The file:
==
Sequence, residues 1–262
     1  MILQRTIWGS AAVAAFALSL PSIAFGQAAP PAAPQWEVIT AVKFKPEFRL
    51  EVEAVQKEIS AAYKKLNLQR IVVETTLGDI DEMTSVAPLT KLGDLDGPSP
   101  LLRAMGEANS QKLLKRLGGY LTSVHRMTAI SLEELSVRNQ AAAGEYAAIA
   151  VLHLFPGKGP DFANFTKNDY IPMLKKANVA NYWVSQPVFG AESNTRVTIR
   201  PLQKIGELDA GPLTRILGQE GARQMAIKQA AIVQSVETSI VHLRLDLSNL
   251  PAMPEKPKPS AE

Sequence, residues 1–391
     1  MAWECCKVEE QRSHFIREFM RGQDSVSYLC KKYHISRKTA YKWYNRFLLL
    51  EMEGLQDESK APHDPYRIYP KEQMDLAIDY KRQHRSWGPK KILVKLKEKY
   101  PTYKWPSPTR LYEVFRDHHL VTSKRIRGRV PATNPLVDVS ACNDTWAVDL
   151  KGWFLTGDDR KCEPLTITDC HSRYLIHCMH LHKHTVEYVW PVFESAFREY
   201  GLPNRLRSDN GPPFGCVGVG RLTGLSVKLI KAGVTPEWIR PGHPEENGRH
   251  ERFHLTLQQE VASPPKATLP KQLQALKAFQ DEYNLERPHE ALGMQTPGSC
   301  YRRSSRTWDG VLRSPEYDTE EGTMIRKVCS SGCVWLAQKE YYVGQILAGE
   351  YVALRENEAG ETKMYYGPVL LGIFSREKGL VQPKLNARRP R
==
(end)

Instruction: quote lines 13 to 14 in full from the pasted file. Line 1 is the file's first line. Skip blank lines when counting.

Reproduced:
   201  GLPNRLRSDN GPPFGCVGVG RLTGLSVKLI KAGVTPEWIR PGHPEENGRH
   251  ERFHLTLQQE VASPPKATLP KQLQALKAFQ DEYNLERPHE ALGMQTPGSC